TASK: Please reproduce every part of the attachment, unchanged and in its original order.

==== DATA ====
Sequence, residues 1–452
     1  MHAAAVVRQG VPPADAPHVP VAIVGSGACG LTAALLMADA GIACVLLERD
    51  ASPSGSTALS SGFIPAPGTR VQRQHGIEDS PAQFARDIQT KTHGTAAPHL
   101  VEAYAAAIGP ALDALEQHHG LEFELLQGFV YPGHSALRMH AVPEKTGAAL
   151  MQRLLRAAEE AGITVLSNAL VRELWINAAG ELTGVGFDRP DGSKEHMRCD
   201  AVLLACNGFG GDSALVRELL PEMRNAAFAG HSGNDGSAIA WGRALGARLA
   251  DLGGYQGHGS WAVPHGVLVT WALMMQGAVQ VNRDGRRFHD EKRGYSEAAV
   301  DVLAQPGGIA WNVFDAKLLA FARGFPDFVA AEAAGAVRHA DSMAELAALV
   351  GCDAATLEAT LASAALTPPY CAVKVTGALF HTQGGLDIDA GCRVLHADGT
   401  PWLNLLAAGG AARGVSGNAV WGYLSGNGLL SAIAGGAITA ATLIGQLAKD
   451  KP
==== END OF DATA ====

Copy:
Sequence, residues 1–452
     1  MHAAAVVRQG VPPADAPHVP VAIVGSGACG LTAALLMADA GIACVLLERD
    51  ASPSGSTALS SGFIPAPGTR VQRQHGIEDS PAQFARDIQT KTHGTAAPHL
   101  VEAYAAAIGP ALDALEQHHG LEFELLQGFV YPGHSALRMH AVPEKTGAAL
   151  MQRLLRAAEE AGITVLSNAL VRELWINAAG ELTGVGFDRP DGSKEHMRCD
   201  AVLLACNGFG GDSALVRELL PEMRNAAFAG HSGNDGSAIA WGRALGARLA
   251  DLGGYQGHGS WAVPHGVLVT WALMMQGAVQ VNRDGRRFHD EKRGYSEAAV
   301  DVLAQPGGIA WNVFDAKLLA FARGFPDFVA AEAAGAVRHA DSMAELAALV
   351  GCDAATLEAT LASAALTPPY CAVKVTGALF HTQGGLDIDA GCRVLHADGT
   401  PWLNLLAAGG AARGVSGNAV WGYLSGNGLL SAIAGGAITA ATLIGQLAKD
   451  KP